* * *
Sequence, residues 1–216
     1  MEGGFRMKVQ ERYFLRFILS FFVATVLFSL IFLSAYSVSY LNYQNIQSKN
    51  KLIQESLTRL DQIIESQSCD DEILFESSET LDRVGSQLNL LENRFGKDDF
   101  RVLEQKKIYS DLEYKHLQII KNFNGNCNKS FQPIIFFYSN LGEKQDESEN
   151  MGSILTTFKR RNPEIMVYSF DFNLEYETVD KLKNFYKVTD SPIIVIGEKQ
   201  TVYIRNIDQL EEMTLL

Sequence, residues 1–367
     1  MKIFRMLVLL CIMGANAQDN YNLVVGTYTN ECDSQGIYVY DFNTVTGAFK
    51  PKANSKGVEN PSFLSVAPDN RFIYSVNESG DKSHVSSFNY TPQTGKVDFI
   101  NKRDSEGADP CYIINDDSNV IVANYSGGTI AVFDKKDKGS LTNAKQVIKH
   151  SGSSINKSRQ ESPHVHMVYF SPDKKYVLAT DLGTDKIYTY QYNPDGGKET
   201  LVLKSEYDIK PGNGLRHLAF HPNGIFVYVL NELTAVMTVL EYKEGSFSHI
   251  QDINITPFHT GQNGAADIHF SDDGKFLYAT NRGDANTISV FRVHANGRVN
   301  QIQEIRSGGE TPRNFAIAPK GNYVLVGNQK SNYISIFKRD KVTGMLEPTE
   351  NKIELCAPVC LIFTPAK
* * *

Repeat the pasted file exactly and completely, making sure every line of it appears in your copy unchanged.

Sequence, residues 1–216
     1  MEGGFRMKVQ ERYFLRFILS FFVATVLFSL IFLSAYSVSY LNYQNIQSKN
    51  KLIQESLTRL DQIIESQSCD DEILFESSET LDRVGSQLNL LENRFGKDDF
   101  RVLEQKKIYS DLEYKHLQII KNFNGNCNKS FQPIIFFYSN LGEKQDESEN
   151  MGSILTTFKR RNPEIMVYSF DFNLEYETVD KLKNFYKVTD SPIIVIGEKQ
   201  TVYIRNIDQL EEMTLL

Sequence, residues 1–367
     1  MKIFRMLVLL CIMGANAQDN YNLVVGTYTN ECDSQGIYVY DFNTVTGAFK
    51  PKANSKGVEN PSFLSVAPDN RFIYSVNESG DKSHVSSFNY TPQTGKVDFI
   101  NKRDSEGADP CYIINDDSNV IVANYSGGTI AVFDKKDKGS LTNAKQVIKH
   151  SGSSINKSRQ ESPHVHMVYF SPDKKYVLAT DLGTDKIYTY QYNPDGGKET
   201  LVLKSEYDIK PGNGLRHLAF HPNGIFVYVL NELTAVMTVL EYKEGSFSHI
   251  QDINITPFHT GQNGAADIHF SDDGKFLYAT NRGDANTISV FRVHANGRVN
   301  QIQEIRSGGE TPRNFAIAPK GNYVLVGNQK SNYISIFKRD KVTGMLEPTE
   351  NKIELCAPVC LIFTPAK